Activity: Test It Out Yourself: At night, turn on lots of lights in your house and pay attention to all the different colors you can see. Look for things that are blue and purple and think how the wavelengths of those objects differ from the red and orange things you see. Then go into your room and turn off the lights. Try to see the colors of objects in the darkened space. Can you see a lot of color, a little bit of color, or no color at all?
How many different colors can we recognize?
The human eye contains many different cone cells and each one can register about 100 different shades of colors. However, because people have different abilities to see color gradations researchers can’t pinpoint an exact number of colors that are visible. Estimates say that humans can see somewhere between one million and ten million different colors.
Hue, Value, Intensity
The primary colors are red, yellow, and blue
Secondary colors are green, orange, and purple
There are also “Intermediate” colors: yellow-orange, red-orange, red-purple, blue-green, and yellow-green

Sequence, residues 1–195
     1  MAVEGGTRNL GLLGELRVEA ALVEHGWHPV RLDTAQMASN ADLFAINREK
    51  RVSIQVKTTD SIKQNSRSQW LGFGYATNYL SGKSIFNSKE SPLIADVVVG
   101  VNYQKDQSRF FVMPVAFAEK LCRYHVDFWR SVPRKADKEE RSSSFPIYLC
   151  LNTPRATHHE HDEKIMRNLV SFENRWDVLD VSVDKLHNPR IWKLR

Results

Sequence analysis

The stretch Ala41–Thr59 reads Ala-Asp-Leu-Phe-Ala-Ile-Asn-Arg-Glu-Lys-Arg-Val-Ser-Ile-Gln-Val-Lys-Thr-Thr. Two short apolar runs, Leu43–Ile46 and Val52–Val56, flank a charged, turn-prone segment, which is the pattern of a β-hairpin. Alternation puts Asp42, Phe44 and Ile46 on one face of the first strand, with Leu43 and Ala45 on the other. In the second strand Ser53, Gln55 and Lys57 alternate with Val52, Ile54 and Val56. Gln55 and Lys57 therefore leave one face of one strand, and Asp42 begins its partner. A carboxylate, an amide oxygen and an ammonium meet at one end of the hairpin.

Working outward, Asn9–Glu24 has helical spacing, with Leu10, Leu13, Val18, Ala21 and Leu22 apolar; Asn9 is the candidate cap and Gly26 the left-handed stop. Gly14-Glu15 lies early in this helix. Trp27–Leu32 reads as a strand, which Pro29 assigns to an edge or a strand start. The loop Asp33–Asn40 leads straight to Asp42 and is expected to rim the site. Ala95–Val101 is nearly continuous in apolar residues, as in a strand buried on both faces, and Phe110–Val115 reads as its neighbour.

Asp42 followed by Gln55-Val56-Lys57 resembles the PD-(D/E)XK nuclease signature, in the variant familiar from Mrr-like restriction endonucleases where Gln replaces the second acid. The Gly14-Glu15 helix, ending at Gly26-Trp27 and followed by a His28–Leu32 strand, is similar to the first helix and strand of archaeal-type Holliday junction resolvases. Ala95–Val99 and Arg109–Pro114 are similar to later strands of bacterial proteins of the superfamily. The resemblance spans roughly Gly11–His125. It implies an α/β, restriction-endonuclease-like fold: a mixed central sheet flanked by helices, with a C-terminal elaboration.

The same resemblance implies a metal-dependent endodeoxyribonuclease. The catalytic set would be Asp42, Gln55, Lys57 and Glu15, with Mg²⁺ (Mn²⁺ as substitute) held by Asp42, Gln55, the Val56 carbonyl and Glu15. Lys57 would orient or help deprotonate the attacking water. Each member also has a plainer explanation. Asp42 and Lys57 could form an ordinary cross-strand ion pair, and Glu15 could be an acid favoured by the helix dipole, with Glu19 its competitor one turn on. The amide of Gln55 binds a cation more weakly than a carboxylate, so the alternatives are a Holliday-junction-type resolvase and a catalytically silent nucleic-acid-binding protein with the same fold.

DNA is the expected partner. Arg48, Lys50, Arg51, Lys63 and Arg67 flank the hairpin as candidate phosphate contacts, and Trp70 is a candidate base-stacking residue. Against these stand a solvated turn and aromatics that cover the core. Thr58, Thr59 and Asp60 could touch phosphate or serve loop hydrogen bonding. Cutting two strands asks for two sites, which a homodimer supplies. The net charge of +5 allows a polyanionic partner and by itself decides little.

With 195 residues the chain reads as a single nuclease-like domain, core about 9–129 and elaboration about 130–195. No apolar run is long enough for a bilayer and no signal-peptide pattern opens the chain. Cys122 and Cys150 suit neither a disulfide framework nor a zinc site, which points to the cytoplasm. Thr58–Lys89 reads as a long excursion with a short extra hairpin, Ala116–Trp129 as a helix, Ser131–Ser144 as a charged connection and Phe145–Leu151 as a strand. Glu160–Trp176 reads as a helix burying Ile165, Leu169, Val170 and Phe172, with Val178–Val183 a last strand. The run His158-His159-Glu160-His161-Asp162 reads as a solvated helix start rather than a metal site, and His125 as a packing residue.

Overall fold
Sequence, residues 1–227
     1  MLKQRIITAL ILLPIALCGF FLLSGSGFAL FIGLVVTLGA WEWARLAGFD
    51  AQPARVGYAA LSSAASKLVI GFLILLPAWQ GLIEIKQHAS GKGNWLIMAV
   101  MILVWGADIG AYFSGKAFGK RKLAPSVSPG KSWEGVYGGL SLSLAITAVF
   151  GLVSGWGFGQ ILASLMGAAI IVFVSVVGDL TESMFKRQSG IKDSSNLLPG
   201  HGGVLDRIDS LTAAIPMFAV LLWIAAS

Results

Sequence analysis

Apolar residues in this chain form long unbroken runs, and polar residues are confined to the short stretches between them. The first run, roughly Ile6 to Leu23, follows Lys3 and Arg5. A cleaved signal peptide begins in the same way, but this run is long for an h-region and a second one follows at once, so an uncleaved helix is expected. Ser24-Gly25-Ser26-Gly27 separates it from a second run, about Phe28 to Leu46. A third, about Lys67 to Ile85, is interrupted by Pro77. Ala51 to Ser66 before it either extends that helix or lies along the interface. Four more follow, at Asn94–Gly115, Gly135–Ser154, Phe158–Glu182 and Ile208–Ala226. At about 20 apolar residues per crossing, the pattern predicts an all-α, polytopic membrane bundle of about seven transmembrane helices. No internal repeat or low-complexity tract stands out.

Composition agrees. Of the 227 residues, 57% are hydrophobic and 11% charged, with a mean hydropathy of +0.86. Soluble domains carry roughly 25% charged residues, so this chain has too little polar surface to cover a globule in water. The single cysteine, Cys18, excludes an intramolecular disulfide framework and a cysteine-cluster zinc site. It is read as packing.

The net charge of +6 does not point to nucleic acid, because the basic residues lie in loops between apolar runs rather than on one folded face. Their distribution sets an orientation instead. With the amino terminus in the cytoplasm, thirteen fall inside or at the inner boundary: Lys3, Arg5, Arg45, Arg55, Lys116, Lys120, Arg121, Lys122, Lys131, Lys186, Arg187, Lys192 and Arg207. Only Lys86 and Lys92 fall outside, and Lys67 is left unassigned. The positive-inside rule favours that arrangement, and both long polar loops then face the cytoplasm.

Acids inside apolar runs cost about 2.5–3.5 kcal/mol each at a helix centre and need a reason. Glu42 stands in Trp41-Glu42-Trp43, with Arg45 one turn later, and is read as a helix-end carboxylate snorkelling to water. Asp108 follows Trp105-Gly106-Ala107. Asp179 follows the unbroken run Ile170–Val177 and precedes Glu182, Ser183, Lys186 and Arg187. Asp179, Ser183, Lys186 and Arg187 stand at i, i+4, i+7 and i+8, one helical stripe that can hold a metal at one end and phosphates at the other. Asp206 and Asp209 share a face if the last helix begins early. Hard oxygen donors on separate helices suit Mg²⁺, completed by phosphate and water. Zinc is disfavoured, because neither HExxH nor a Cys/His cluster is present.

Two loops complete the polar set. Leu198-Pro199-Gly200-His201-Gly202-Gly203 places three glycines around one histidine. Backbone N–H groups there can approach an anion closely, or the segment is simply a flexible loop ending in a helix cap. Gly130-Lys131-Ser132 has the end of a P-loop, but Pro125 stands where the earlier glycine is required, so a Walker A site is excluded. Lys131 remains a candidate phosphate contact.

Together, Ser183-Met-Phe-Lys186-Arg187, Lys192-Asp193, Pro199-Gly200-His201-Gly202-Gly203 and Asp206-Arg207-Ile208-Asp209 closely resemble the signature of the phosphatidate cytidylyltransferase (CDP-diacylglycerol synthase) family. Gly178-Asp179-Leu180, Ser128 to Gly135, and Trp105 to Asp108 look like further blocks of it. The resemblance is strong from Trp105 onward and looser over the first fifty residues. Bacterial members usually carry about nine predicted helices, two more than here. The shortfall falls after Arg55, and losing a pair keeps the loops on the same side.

Mixing of colors that are close to one another on the color wheel can produce many additional colors and color gradations.
A black object absorbs all of the light rays and reflects none. A white object reflects all of the electromagnetic waves. Gray is a mixture of black and white. These are called “neutrals”.
A pure color is known as a “hue.” A color that has had white added to it is referred to as a “tint” while adding black makes the color darker, known as a “shade”.
What color is directly opposite green on the color wheel?
What color is directly opposite blue-violet on the color wheel?
Activity: Select a hue on this color chart and then explore all the different tints and shades in that color family:
What does it mean to be colorblind?